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Minister of Justice Peter MacKay (second left) shares a laugh with Minister of National Defence Rob Nicholson (left) July 15, 2013 during a swearing in ceremony at Rideau Hall in Ottawa.Dave Chan/The Globe and Mail

The new federal justice minister says the Conservative government is considering changes to impaired driving legislation in the Criminal Code.

But Peter MacKay, who only took over the portfolio earlier this month, wouldn't say exactly what is being pondered as he headed into a meeting with crime victims in Edmonton.

"I can tell you I did numerous trials on impaired driving cases, first as a defence lawyer and then prosecuting cases," Mr. MacKay said Thursday, recalling his time working as a lawyer in Nova Scotia.

"I recall vividly a judge making a statement in a trial that I was prosecuting to the accused that driving down the road while under the effect of drugs or alcohol is no different than pointing a gun at another human being."

Mr. MacKay said he wanted to meet with more victims of impaired driving before announcing the changes the government is contemplating.

One of the people Mr. MacKay met with Thursday was a mother whose 18-year-old son was one of three Alberta men killed in a crash where drunk driving was suspected.

The ministers words were a huge relief for Sheri Arsenault, whose son Bradley Arsenault died along with two friends south of Edmonton on Nov. 26, 2011.

Jonathan Pratt, 28, of Beaumont, Alta., is charged in the case, which is still before the courts.

"Finally somebody in government is maybe going to listen to us," Ms. Arsenault said.

Ms. Arsenault has become a spokesperson for Families for Justice, a group which has been collecting names on a petition calling for mandatory minimum sentences for impaired driving causing death. The petition also calls for the Criminal Code to be changed to redefine the offence of impaired driving causing death as vehicular manslaughter.

Last fall, provincial justice ministers asked the federal government to consider increased penalties for impaired driving, particularly crimes involving repeat offenders, serious injury or death.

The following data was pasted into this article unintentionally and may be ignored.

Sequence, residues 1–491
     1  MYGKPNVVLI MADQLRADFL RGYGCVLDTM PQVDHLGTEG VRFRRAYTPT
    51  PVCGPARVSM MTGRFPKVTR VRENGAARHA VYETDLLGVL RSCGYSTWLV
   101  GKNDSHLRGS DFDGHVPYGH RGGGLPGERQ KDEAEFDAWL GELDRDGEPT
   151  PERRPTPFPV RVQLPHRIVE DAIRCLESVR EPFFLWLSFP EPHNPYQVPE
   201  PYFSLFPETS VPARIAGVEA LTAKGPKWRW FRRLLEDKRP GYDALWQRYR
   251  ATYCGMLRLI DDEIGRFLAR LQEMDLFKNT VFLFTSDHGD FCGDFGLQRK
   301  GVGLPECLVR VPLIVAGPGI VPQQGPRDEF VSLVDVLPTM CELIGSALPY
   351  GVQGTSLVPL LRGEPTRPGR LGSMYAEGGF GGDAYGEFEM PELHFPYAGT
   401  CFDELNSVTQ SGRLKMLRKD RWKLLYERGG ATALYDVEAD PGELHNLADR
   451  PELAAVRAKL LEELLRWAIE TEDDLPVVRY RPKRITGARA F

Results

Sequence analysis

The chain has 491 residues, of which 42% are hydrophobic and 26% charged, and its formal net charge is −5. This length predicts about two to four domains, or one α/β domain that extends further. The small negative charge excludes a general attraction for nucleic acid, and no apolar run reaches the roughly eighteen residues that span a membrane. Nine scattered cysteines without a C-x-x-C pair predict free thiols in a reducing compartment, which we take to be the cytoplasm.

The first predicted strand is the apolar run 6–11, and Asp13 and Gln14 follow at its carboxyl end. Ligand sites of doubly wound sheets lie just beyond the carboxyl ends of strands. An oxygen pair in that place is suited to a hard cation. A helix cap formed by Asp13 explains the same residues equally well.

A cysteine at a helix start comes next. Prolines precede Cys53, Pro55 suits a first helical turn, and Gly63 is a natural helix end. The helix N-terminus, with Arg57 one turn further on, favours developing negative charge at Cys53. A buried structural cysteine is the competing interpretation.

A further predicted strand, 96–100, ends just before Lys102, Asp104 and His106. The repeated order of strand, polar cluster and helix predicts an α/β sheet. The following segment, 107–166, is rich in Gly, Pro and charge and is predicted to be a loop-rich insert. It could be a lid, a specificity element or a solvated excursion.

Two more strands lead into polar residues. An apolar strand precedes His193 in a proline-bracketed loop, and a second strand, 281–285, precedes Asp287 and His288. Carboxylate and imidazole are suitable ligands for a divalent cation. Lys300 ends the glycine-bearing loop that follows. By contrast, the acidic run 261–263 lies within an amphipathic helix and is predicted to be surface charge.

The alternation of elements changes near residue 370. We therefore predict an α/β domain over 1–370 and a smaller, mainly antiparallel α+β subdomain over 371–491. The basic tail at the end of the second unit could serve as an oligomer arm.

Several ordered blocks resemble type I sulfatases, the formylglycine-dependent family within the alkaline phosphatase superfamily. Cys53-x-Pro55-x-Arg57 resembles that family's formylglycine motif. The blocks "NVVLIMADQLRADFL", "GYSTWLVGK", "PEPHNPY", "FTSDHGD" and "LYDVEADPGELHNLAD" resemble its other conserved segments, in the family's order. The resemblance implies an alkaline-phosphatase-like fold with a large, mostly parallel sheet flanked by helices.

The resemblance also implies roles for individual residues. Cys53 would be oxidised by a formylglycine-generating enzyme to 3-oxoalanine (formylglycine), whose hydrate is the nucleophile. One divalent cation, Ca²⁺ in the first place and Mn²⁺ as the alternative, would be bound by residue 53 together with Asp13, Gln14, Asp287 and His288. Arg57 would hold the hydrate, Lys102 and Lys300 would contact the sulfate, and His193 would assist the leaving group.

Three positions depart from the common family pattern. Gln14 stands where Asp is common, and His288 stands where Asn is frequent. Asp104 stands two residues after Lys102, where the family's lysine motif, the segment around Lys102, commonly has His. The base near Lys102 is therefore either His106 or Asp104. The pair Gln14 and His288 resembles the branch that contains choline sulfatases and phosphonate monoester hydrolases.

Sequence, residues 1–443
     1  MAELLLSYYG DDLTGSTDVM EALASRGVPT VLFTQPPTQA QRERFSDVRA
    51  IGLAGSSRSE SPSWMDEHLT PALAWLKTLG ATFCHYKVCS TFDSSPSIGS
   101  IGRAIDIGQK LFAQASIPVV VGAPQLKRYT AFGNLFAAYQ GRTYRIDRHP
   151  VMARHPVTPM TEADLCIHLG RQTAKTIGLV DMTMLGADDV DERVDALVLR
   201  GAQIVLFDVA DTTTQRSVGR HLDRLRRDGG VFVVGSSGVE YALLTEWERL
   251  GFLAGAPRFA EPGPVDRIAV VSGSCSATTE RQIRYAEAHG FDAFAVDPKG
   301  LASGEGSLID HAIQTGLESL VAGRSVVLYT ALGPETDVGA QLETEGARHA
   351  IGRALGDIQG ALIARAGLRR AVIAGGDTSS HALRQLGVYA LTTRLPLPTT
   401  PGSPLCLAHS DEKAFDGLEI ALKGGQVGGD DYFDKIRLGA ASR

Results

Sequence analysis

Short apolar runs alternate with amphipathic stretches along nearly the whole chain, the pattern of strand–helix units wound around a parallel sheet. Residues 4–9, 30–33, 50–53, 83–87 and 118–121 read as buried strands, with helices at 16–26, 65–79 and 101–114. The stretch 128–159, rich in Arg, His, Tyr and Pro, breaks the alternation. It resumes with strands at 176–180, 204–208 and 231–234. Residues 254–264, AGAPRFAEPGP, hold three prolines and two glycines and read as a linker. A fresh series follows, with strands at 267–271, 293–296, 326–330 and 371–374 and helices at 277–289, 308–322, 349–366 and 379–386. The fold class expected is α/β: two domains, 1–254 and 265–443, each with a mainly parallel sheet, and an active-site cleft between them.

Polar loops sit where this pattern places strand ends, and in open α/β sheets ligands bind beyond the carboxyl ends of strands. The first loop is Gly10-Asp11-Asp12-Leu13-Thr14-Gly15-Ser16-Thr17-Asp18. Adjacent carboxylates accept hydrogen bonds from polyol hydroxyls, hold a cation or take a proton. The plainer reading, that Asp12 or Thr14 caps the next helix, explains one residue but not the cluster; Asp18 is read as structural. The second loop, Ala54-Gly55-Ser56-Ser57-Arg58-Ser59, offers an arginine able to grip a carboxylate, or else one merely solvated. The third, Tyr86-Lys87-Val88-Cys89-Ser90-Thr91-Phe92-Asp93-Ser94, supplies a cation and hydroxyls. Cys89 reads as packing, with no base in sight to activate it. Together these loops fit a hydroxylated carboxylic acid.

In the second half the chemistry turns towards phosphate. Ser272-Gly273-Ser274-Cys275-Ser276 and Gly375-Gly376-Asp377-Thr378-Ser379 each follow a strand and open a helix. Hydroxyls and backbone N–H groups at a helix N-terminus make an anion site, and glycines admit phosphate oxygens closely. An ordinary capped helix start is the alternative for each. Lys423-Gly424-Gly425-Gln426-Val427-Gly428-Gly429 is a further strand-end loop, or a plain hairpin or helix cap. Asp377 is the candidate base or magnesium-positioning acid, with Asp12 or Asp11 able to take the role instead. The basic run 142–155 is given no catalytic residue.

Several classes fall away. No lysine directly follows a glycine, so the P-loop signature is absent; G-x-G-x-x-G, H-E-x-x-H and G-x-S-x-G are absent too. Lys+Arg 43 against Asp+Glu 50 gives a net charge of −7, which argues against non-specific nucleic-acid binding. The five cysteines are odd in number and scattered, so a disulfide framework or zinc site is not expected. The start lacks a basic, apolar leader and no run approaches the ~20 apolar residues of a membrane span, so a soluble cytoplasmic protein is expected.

Mr. MacKay said impaired driving laws need to send a strong message because of the consequences involved.

"I believe we have to continue to send that signal of just how serious an incident that is, and the consequences — the consequences that you cause, and the consequences that you have to live with when you put drugs and alcohol in your system and get behind the wheel of a car," Mr. MacKay said.

Ms. Arsenault was originally supposed to meet with former justice minister Rob Nicholson, but Prime Minister Stephen Harper's cabinet shuffle earlier this month meant that meeting had to be cancelled.

Mr. MacKay apologized to Ms. Arsenault on behalf of Mr. Nicholson, saying Mr. Nicholson had been looking forward to meeting with her.

Ms. Arsenault said Mr. MacKay's announcement Thursday was the first she had heard the government was considering changes to the Criminal Code.

"He gave me the sense that he's a regular father with a regular family who sees this crime for what it is," said Ms. Arsenault.

Ms. Arsenault noted the Harper government has made being tough on crime a motto and has brought in mandatory minimums for drug offences.

She said there should also be mandatory minimums for impaired drivers who kill.

"With drunk driving being the largest cause of criminal death in Canada by far, it's a serious concern. Nobody's safe at any time out there."

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